Why does this matter if you’re working with tribes? Because this can remain true today. In an applicable example, a successful partnership may look very different from tribe to tribe, even if those tribes are (or had been) neighbors.
If we can recognize that we all come to the table with our own beliefs, values, and philosophies than many of the common arguments can be recognized for what they really are, differing philosophies. One example of this, is the philosophy of how we view knowledge.
While western science is committed to open knowledge societies, this is not the same philosophy of many tribes. Knowledge comes with an inherent responsibility. Before a tribes will share their knowledge, they must believe that the recipient will be a good guardian of the knowledge, who will also practice reciprocity. Knowledge exchanges with a tribe will be a different process as knowledge exchanges between western scientists.
Knowledge sharing and partnerships
There are some additional legal reasons for concern over knowledge-sharing from a tribal view. Once tribal knowledge moves beyond the tribal boundaries, there are little to no law that adequately protect this knowledge (see Preston Hardison’s presentation to learn more about this; there are also some great guidelines for working with TEK in this presentation).
Most studies are also highly optimistic and fail to discuss the downside of sharing knowledge. Scientists often go to a tribe and try to find a solution by overlapping TEK onto a specific problem. This can be applicable for some problems but inappropriate for others. When the problem requires knowledge of resources or a spiritual issue, problems with sharing can arise and it can be an extractive process. Going in, recording knowledge, and then discarding the knowledge givers is not a sustainable method. Instead, any TEK method has to involve the knowledge keepers themselves.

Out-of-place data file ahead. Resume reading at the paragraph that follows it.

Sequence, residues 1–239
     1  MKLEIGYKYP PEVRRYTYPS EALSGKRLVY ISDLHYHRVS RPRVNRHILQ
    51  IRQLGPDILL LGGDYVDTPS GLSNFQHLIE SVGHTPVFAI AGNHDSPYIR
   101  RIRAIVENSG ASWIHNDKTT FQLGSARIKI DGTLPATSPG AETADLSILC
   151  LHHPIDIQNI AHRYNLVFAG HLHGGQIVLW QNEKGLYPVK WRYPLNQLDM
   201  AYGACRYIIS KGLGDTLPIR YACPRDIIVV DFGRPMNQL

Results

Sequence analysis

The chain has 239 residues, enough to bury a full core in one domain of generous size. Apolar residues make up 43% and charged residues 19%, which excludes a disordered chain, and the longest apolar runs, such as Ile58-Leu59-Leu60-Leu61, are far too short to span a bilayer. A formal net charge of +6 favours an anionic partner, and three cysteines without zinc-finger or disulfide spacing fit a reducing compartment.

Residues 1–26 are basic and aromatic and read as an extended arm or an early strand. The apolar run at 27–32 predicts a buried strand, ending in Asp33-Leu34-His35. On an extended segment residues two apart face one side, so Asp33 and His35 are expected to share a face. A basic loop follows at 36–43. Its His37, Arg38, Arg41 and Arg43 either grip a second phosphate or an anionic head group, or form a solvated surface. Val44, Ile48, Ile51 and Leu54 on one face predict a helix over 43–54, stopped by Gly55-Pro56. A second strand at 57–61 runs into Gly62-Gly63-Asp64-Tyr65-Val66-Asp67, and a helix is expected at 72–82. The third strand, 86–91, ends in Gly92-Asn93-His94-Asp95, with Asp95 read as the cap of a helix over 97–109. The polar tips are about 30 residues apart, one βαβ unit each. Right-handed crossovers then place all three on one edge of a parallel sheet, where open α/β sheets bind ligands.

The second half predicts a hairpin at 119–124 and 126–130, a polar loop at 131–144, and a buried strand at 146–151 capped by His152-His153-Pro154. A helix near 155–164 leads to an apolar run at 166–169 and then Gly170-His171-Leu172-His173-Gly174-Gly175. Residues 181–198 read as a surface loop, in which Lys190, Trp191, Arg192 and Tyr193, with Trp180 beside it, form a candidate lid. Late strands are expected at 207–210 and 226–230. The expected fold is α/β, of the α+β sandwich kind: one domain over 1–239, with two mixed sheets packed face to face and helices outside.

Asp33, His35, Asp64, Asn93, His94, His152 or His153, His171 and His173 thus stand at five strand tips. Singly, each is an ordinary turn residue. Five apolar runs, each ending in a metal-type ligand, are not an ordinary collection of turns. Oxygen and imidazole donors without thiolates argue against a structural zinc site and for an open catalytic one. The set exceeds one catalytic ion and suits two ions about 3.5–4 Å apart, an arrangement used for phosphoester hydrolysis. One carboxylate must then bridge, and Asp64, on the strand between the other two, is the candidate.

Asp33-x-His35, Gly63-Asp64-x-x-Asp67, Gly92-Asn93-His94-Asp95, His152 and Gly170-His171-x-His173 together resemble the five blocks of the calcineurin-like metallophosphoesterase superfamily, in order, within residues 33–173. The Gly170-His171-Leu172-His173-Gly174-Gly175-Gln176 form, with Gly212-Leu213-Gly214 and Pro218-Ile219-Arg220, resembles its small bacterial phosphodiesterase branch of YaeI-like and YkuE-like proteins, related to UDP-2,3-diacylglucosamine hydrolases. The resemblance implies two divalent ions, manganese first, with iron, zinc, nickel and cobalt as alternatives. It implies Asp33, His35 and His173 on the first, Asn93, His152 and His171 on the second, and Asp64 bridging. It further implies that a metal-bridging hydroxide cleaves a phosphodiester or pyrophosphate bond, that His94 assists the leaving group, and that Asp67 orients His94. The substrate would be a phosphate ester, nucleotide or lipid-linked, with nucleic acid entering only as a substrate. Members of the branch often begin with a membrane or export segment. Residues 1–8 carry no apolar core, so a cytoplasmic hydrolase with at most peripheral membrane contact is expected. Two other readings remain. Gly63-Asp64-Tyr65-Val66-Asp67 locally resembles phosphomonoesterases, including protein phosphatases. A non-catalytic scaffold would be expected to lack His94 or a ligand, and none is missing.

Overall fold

Dr. Chuck Striplen discussed how to form a good method for a TEK working relationship in his presentation: “Embrace, encourage, enable, empower.” Under this method, tribes remain involved as co-managers, who can do the work on their own land. This method can also provide the opportunity for a traditional knowledge sharing system where an elder can teach the youth. Rather than viewing TEK as an information exchange, view it as a baseline for establishing a relationship. “Beyond obligations with an agency, we want a true connection” -Ron Goode
A call for science
The impacts of practices like cultural burning have yet to be well-studied by western science. For example, basket weaving materials were often managed by applying fire, but studies that compare the resulting vegetation to unmanaged forms are lacking in the body of western science research. Undertaking studies like these not only answer a relevant question but show an investment in knowledge that could be well received.